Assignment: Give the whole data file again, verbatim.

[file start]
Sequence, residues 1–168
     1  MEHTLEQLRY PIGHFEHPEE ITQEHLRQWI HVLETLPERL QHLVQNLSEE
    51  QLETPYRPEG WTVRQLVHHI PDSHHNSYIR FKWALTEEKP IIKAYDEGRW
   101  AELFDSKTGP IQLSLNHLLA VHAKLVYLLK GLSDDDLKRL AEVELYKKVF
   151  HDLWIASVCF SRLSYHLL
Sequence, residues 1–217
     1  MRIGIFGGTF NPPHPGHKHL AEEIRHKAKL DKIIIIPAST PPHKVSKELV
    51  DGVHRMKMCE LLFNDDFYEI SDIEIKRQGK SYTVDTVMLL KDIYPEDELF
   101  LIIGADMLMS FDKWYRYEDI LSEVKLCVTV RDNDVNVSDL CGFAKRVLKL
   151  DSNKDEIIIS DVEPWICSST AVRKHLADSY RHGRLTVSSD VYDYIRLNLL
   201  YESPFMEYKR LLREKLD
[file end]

Sequence, residues 1–168
     1  MEHTLEQLRY PIGHFEHPEE ITQEHLRQWI HVLETLPERL QHLVQNLSEE
    51  QLETPYRPEG WTVRQLVHHI PDSHHNSYIR FKWALTEEKP IIKAYDEGRW
   101  AELFDSKTGP IQLSLNHLLA VHAKLVYLLK GLSDDDLKRL AEVELYKKVF
   151  HDLWIASVCF SRLSYHLL
Sequence, residues 1–217
     1  MRIGIFGGTF NPPHPGHKHL AEEIRHKAKL DKIIIIPAST PPHKVSKELV
    51  DGVHRMKMCE LLFNDDFYEI SDIEIKRQGK SYTVDTVMLL KDIYPEDELF
   101  LIIGADMLMS FDKWYRYEDI LSEVKLCVTV RDNDVNVSDL CGFAKRVLKL
   151  DSNKDEIIIS DVEPWICSST AVRKHLADSY RHGRLTVSSD VYDYIRLNLL
   201  YESPFMEYKR LLREKLD